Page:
In the Dalian special economic zone, China’s first international yacht club has opened, under the sponsorship of Qiao Shi, head of the secret police and a Politburo member, whose former aide is the club’s vice chairman. The yearly membership fee for Chinese citizens is 30,000 yuan, more than forty years’ income for a peasant. Lifetime membership is 100,000 yuan. The manager, Zheng Dacheng, said, “After so many years of reform and opening up, China now has millionaires all over the country. There are lots of rich people.”

In a speech July 1, 1992, Communist Party General Secretary Jiang Zemin cautioned that the conduct of the bureaucracy was arousing anger among the masses of workers and peasants. He warned, “Successors to the socialist cause should not act like overlords, abusing their power to make a fortune. If these decadent phenomena are allowed to continue, the party will be doomed to self-destruction.”

But for the most part, the leading circles of the Stalinist bureaucracy have brushed aside such concerns, relying on the military and the secret police to suppress opposition in the working class and demanding that any restraints on private profit-making be removed.

Li Ximing, the Beijing party secretary and a Politburo member, denounced allegations of corruption in a speech published in the state-run Beijing Daily. He declared: “We must resolutely attack and mercilessly punish criminals who wreck the reforms.... Directors and managers of enterprises that are falsely accused of crimes because they vigorously reformed... must be protected, and those who frame them must be tracked down and investigated.”

A commentary in the People’s Daily revealed the depths of cynicism in the Stalinist apparatus, where Marxist phrases are habitually used to cover up the bureaucracy’s hostility to genuine Marxism and the political independence of the proletariat. The commentary blamed criticism of the government’s pro-capitalist policies on “some people who still believe that the party’s primary task is to effect changes over the relationships of production, to make ‘revolution,’ and to ‘struggle.’”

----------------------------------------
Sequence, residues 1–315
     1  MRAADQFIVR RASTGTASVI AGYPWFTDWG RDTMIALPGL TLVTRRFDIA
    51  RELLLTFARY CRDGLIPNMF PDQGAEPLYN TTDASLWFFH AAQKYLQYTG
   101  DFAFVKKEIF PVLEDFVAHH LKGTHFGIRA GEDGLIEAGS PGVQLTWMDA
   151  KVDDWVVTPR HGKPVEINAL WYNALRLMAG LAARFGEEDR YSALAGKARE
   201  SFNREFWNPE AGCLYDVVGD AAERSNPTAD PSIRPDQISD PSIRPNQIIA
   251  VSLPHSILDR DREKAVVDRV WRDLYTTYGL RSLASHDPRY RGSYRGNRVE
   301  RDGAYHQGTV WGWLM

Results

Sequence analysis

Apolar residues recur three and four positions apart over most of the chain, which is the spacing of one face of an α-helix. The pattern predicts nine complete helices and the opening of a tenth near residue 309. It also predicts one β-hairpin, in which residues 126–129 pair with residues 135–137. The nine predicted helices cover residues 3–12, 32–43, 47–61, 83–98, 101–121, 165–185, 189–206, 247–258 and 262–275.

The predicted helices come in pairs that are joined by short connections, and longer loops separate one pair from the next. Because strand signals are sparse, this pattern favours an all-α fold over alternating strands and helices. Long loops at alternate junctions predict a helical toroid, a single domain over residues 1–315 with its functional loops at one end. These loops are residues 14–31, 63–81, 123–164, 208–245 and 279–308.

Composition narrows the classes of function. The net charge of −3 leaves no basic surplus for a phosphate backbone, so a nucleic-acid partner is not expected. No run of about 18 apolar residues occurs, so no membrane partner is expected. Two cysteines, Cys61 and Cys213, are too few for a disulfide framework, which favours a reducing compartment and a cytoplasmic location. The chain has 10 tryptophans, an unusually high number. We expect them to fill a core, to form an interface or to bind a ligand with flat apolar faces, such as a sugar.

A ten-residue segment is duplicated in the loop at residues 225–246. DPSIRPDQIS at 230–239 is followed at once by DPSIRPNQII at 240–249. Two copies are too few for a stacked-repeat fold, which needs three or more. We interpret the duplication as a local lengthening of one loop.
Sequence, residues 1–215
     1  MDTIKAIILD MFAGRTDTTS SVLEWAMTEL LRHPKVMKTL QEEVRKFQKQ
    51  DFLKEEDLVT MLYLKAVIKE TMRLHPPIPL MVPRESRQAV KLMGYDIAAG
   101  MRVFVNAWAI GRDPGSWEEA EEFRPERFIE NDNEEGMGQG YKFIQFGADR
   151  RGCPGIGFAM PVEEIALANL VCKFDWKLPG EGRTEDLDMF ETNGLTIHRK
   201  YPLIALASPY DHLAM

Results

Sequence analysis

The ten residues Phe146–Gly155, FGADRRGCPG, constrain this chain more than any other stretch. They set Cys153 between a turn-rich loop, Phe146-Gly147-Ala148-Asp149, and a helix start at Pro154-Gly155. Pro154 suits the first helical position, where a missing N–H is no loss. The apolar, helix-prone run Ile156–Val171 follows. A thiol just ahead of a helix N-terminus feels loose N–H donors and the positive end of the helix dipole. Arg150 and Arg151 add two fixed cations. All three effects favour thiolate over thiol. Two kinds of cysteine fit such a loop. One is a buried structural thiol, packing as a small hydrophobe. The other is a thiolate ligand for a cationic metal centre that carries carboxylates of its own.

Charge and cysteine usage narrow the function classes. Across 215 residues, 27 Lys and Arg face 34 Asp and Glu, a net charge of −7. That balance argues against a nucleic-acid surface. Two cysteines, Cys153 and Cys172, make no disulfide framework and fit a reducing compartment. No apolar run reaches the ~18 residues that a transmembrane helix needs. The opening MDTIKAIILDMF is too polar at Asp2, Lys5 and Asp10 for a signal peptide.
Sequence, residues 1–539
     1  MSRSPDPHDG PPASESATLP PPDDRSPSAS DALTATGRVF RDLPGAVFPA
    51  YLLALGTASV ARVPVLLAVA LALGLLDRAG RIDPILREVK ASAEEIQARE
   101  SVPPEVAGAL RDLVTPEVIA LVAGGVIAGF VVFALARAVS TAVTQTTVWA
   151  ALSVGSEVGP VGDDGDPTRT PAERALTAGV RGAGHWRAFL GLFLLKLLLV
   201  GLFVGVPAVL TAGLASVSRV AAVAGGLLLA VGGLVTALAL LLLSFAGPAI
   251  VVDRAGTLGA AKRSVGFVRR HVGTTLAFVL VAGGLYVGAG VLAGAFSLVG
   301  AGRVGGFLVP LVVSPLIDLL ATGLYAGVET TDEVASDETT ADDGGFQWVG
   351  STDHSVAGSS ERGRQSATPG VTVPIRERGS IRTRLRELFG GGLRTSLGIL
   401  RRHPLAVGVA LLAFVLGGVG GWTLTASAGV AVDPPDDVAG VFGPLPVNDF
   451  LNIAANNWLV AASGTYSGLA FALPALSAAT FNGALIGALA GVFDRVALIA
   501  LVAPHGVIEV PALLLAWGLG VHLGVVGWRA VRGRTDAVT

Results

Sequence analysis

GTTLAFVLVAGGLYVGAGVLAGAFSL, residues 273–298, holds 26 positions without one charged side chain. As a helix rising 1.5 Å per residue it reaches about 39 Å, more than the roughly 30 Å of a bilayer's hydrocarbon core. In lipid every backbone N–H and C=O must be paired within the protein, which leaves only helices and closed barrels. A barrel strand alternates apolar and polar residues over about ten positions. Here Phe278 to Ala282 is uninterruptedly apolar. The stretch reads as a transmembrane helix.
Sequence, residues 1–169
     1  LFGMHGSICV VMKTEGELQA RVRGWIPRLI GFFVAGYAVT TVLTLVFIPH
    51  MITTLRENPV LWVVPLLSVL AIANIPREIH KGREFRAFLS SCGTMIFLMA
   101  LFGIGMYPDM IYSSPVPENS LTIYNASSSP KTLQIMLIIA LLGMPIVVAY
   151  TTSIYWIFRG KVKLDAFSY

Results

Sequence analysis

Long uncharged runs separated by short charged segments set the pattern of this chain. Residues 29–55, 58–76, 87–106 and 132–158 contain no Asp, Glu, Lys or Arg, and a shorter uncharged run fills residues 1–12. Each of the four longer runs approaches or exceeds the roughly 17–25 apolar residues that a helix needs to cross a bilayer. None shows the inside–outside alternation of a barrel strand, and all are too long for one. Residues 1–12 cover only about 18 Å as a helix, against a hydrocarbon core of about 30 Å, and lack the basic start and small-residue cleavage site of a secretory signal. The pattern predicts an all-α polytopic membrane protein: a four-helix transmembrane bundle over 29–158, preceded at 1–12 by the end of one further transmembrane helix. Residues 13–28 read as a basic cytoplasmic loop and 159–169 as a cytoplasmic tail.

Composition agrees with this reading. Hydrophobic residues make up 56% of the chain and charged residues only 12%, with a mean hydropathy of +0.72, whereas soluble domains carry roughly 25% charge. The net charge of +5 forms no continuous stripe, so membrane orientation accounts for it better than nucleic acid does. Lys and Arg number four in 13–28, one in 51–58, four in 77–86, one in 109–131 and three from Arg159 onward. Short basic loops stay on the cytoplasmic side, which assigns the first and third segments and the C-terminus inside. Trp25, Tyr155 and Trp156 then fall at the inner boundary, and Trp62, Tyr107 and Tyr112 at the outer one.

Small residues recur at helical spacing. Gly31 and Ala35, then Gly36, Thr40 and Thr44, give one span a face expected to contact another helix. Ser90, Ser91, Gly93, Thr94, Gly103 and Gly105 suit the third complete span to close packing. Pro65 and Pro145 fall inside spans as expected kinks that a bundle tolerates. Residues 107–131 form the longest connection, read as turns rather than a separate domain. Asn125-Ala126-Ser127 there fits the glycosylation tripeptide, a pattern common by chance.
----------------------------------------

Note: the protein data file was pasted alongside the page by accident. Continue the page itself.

The Stalinist bureaucracy, while still mouthing phrases about constructing “socialism with Chinese characteristics,” has publicly announced a campaign to close large sections of state-owned industry and create mass unemployment. Tens of millions of workers are to be thrown out of their jobs and made available as cheap labor to the rising capitalist class, into which the bureaucracy seeks to integrate itself.

The one-third of state factories which presently record large operating deficits are the first targets for closure or for merger with capitalist firms, either those newly arising in China or giant multinationals entering the Chinese market from abroad. As a first step, the central government ordered each of the thirty provinces to shut down ten state-owned enterprises which were losing money.

In 1991 the Stalinist press issued the slogan “smash the three irons,” targeting the “iron rice bowl,” under which workers at state factories were guaranteed their jobs, the “iron salary,” under which wages were maintained and increased by guaranteed amounts, and the “iron armchair,” which maintained positions for factory managers regardless of the profitability of their enterprise. The Stalinists called for a new version of the “three irons,” in which factory bosses were to demonstrate “an iron heart, an iron face, and an iron hand.”

“The uniform pay system is being abolished because it is egalitarian and hinders the workers’ enthusiasm,” a Ministry of Labor official told the official China Daily. “The only automatic part of the new wage system is that those who work for enterprises that aren’t turning a profit won’t receive a raise at all,” the newspaper said, adding that 40 million workers would receive no pay increase because their state companies were running at a loss.

This was combined with measures to reduce the availability of medical care (previously provided free by the state to the urban population), the raising of rents tenfold in most cities and huge increases in the prices of consumer items like rice, sugar and cooking oil.

The result was a series of explosions in which workers fought the effects of the new economic policies in outbursts of resistance ranging from individual violence to spontaneous strike action. These actions were so widespread that even the state-controlled press was forced to acknowledge they had taken place, while downplaying their significance.